Since most classic Mopars are nearly forty years old, it's no wonder the cars we find to build or restore have incurred some type of damage in their lives. Some have succumbed to accidents, warping and buckling their sheetmetal, and some to wear caused by many miles of use and abuse, but the main destroyer of vintage Mopar iron is rust. Depending on where you live, the cars in your area may be rusted out completely or suffer only minor damage. Cars in regions of the country where it snows regularly are usually the worst with rusted quarters, frames, and floor pans due to being driven through the salt used to melt snow from the roads. Southern cars usually fair a little better, but can have rust issues as well since the hot sun bakes the paint, leaving the sheetmetal exposed to the elements. Cars in coastal regions often don't fair any better than the ones up north as the salty air and driving on salt water laden beaches can also wreak havoc on body panels.
Our latest project, the B3 Bomber, is a Florida car and spent its entire life in the sunshine state. Fortunately, the Florida sunshine was pretty easy on our Barracuda, and the outer sheetmetal and frames are in pretty good shape. Unfortunately, our car's floorboards were almost completely rusted away and needed to be replaced.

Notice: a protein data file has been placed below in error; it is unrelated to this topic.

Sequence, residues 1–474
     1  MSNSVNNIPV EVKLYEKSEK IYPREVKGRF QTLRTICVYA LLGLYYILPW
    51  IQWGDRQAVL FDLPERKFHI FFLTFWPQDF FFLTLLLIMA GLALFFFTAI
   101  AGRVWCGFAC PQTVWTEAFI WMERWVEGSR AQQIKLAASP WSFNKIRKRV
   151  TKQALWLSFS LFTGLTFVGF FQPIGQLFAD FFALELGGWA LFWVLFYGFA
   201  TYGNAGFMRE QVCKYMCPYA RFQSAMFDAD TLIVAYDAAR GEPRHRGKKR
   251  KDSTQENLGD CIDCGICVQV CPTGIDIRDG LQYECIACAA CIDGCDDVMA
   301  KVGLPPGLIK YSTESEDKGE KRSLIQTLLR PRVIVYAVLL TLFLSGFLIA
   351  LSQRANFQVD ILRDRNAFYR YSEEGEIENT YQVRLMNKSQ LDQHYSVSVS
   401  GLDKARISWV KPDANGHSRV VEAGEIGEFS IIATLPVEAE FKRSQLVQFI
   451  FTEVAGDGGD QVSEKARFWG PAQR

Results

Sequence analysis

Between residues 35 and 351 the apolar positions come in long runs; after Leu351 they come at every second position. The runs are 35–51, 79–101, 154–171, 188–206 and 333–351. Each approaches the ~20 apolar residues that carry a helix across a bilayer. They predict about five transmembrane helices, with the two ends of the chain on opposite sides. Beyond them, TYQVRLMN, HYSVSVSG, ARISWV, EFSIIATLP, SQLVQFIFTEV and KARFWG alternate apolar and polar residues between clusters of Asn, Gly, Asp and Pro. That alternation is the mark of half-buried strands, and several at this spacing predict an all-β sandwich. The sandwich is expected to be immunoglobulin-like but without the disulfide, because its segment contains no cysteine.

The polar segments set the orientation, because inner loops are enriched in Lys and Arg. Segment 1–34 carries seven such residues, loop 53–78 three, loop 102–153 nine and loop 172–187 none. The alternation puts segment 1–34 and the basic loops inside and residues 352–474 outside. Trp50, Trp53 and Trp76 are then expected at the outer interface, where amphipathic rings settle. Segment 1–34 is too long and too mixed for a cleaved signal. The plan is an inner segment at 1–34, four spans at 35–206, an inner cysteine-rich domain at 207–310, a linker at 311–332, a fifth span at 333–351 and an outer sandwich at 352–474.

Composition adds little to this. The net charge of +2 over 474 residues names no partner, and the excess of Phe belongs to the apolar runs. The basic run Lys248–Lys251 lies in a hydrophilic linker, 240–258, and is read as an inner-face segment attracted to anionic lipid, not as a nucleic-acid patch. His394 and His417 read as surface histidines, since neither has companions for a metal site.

There are many reasons a car's floors will rust. salty roads will certainly do it, as will driving on salty beaches without thoroughly cleaning your car afterwards. But there are other reasons that a car's floors will rust out. We've seen cars with no apparent external body rust with floors that are completely gone. Other than driving on salty roads or beaches, there are two basic reasons a car will have rusty floors, and both begin with the car sitting idle for a long period of time. It is common for older cars to be parked with good intentions of repairing them one day, only to find the car sits idle due to the owner's lack of interest or lack of funds. Cars that are in a garage get moved to the yard to make space and are subsequently subjected to the elements. A car parked in the grass will certainly be prone to vegetation growing under and around it, and that vegetation transfers moisture in the form of rain and dew to the bottom of the car's floors. Over time this will begin to rust the floors from underneath, and with enough time, the floorboards will be rusted away. The other problem with leaving a car sitting outside is that most old cars leak water. Weather stripping shrinking and rotting, windows left down or broken, and outer body rust-through allowing water into the car all contribute to water accumulating on the car's floors. Carpet acts like a sponge and traps the water on top of the floors, not allowing it to evaporate. This can be prevented by pulling the rubber plugs from the floors, allowing the water to drain, but most owners don't think about that when they park their vehicles. The result is, again, rusted-out floorboards